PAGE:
"Once upon a time in South Central" is not how you would expect any film that is to be taken seriously to begin. But then again most police buddy films are not like "End of Watch". The film is written and directed by David Ayer, who also wrote "Training Day" (2001) and "the Fast and the Furious" (2001). David Ayer writes about what he knows best, which are the streets of Los Angeles where he grew up; and delivers witty and realistic dialogue that ignores the cliches of other police films. David Ayer has said that most of the situations shown in the film were ones encountered by his friend, Jaime FitzSimons (technical adviser and acts as the police captain), during his service with the LAPD.
The story takes place during the summer of 2011 when Officer Brian Taylor (Jake Gyllenhaal), an ex-marine, and his partner Officer Mike Zavala (Michael Peña) have recently been cleared of a shooting. They have become the hotshots in the station with an ego that accompanies it. Taylor is taking a film class and is filming the day-to-day activities of being an officer with the LAPD, which provides the lense that a lot of the film is seen through. This hands-on approach to filming along with the dashboard cameras that are attached to the police cruisers gives the film a gritty and realistic feel that immediately separates it from other police films. This is a story of police work in an often difficult neighborhood: their duties (the life blood of police work is the paper work), their dangers, and sometimes the drudgery of what they must do which is why "policing is all about comfortable footwear".
As the story develops Officer Taylor and Zavala confiscate two of the major food groups, money and guns (including Liberace's AK-47 and other blinged out guns) from a member of a cartel during a routine traffic stop. At first the connection between the routine traffic stop and other activity that Taylor and Zavala discover isn't clear. However, what is clear is that these two are some of LAPD's finest as they receive the Medal of Valour for saving the lives of children in a house fire. David Ayer almost goes out of his way to establish the quality of these two officers as compared to the other films about the LAPD that generally portray the police as being corrupt. Much of the films intensity comes from the very real influence of the Mexican drug cartels in southern California and how Officer Taylor and Zavala stumble upon the critical inner workings.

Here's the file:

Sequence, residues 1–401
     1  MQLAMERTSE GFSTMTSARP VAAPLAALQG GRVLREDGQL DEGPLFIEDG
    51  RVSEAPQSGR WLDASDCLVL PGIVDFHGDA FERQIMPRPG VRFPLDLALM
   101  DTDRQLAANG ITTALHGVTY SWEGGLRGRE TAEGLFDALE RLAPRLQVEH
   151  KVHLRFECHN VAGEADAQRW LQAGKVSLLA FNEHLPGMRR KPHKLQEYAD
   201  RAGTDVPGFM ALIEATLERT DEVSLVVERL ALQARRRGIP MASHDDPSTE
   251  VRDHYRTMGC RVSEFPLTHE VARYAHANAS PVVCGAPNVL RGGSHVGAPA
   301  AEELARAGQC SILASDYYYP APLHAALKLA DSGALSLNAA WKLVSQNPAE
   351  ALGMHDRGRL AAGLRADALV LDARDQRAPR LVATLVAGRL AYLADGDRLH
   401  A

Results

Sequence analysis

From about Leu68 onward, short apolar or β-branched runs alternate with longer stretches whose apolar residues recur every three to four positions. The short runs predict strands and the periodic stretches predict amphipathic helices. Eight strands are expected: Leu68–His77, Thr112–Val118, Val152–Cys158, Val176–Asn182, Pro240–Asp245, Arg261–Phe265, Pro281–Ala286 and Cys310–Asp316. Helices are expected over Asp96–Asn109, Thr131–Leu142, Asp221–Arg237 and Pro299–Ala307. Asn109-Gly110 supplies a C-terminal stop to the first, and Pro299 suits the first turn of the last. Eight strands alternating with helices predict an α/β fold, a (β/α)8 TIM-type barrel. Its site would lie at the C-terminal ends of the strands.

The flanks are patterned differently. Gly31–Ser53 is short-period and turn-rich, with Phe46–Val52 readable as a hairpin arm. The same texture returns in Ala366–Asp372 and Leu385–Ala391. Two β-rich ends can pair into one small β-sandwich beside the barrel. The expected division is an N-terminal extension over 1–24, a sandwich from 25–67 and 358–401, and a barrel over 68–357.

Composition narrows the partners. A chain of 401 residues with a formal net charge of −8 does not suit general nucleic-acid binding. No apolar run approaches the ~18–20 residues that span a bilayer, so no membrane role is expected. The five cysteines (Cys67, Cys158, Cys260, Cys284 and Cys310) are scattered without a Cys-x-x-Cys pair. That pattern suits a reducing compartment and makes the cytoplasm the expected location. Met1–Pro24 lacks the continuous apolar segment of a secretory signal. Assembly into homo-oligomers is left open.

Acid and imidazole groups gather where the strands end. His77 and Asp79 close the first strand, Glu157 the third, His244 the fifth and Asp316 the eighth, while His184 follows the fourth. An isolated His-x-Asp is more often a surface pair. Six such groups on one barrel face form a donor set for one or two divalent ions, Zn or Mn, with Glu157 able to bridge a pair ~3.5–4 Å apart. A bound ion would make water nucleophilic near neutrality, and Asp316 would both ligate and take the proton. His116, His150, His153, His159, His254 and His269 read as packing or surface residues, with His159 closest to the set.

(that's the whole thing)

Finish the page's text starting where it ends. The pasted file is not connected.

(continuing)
The chemistry between Jake Gyllenhaal and Michael Peña is unquestionable as the brotherhood of the police force supports the family emotions centered in the film. The dialogue between Jake Gyllenhaal and Michael Peña provides a lot more comedy to the film than anticipated, which helps soften the heaviness of the situation that the film deals with. Their differences and their mutual put-downs can't quite hide the level of trust and family that is the police force. The friendship that emerges in the two officers is only supported by their girlfriend/wives, who contribute to the realism of their life outside the police cruiser. Janet (Anna Kendrick) comes across as someone Officer Taylor could really fall in love with, just as the sassy side of Gabby (Natalie Martinez) complements the fun side of Officer Zavala.
One scene that will probably get some people talking is the funny wedding dance between Anna Kendrick and Jake Gyllenhaal. I am sure that someone will be copying this for their own wedding and posting it on youtube. Salt-n-Pepa's "Push It" is an 80s classic that will never go out of style.
Jake Gyllenhaal and Michael Peña give the best performances of their careers and I could even see both of them deserving of a nomination (not sure who would be the lead though). In addition to the acting, the script is tightly written and the hand-held camera work is creative without being nauseating. The overall intent of the film is made clear towards the end of the credits where recognition of all those who serve in law enforcement is given. This is the best police film I have seen in a while and is a 5 Quack film.